In the early 90′s Dan Gable created the cult classic wrestling video, Competitor Supreme. In this video you get a behind the scene view of one of the greatest coaches of all time, in his prime. Learn what it meant to be a Gable Trained athlete. Discover how traumatic life and athletic losses molded his greatness. Witness the inspiration everyone around him gained by his presence. This 40 minute video guarantees to inspire and motivate people from all walks of life.
Dan Gable was born October 25, 1948 and grew up in Waterloo, IA. As a prep wrestler, Gable was undefeated. Winning 64 matches and winning state championships his sophomore, junior, and senior years. His only recorded high school loss was an exhibition against teammate Michael DePaschalis. During his Sophomore year he and his family suffered a tremendous loss. His sister, Diane raped and murdered on May 31, 1964, in their family home. Gable later recalled that the event gave him a singular passion for wrestling as a way to uplift his shattered family.
As in high school, rules prohibited freshmen from competing as varsity athletes. Despite this, Gable won the prestigious Midlands Championship while competing unattached. Gable would go on to be the tournament’s champion 6 times and win its Outstanding Wrestler Award 5 times. As a varsity athlete Gable achieved a record of 117 wins and one loss. His lone defeat came in the NCAA finals his senior year. It is one of the most iconic upsets in the history of the NCAA, in any sport. Along with his two NCAA Championships, Gable won All-American honors 3 times, was a 3 time Big 8 Champion. He also set NCAA records for consecutive wins and pins.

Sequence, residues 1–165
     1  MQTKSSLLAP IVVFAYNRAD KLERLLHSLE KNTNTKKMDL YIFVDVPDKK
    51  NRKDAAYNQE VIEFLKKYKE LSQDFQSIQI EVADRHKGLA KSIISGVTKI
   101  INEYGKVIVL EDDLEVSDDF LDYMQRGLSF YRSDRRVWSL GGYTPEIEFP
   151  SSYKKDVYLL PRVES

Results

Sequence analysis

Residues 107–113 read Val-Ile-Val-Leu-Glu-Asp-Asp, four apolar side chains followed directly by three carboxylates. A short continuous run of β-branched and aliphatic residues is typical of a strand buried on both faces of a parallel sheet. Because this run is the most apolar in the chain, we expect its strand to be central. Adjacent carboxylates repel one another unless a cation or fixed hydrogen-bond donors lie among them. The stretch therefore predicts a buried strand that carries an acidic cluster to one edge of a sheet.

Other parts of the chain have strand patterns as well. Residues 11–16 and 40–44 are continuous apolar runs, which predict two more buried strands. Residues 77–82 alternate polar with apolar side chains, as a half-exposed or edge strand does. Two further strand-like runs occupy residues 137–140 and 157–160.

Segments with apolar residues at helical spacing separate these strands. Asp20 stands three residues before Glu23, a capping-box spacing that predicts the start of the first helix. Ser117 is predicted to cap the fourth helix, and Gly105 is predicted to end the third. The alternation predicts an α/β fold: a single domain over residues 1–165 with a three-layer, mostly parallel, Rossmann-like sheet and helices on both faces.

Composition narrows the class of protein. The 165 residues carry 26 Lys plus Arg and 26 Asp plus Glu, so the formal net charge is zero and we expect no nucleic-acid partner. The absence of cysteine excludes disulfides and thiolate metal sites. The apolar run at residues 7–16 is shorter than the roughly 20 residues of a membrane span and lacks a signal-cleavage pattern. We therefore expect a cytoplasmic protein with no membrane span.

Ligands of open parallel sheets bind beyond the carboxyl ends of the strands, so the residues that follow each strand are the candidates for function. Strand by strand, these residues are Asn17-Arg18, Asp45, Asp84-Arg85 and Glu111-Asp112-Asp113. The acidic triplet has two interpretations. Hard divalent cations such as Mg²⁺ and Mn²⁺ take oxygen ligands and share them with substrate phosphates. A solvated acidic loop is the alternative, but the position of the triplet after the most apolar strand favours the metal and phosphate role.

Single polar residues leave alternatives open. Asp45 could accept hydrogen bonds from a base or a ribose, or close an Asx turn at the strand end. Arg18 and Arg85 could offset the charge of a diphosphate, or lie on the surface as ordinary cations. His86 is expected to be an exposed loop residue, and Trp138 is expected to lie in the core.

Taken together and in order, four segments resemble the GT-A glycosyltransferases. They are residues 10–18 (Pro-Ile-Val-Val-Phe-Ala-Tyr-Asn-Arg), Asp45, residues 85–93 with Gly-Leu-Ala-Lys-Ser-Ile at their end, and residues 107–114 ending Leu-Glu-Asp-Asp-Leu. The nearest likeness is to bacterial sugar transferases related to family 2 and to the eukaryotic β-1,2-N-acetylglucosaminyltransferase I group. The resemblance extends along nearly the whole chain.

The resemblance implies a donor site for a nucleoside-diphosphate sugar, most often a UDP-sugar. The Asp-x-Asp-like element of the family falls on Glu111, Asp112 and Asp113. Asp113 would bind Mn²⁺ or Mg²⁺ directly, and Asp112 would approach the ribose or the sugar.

His cumulative record between high school and college was 181 wins and one loss.
Gable’s international achievements were even more impressive than his high school and college career. He won the 1971 Pan American Games, 1971 World Championships, 1972 Tbilisi Tournament, and the Gold in the 1972 Olympic Games. At the time, The Tbilisi Tournament was considered the most difficult tournament in the world due to its inclusion of many competitors from eastern block countries, as opposed to only one under the Soviet Union.
Gables achievements led to him being named one of America’s Top 100 Olympians by ESPN.
In 1972, Gable joined the University of Iowa as an assistant coach under Gary Kurdelmeier. He became head coach in 1976. And over the next 21 years set a standard for excellence in coaching that some argue may never be equaled.
With Gable as the head coach, Iowa won 15 NCAA Championships (including 9 in a row from 1978-1986), 21 Big Ten Championships, and had a dual meet record of 355-21-5.
He coached 152 All-Americans, 45 National Champions, 106 Big Ten Champions and 12 Olympians (4 on Gold, 1 Silver, and 3 bronze medalists).
In Gable Style, during his last year as Head Coach the University of Iowa scored 170 team points at the NCAA tournament. They won the NCAA team title and set and the record for highest team point total. It still stands as of today.
Through Dan Gable's career as an athlete, coach and beyond, his personal achievements have been magnificent. But during his life, what may be most impressive about Gable is his ability to bring his teammates, athletes, business people and all those around him to new heights as well.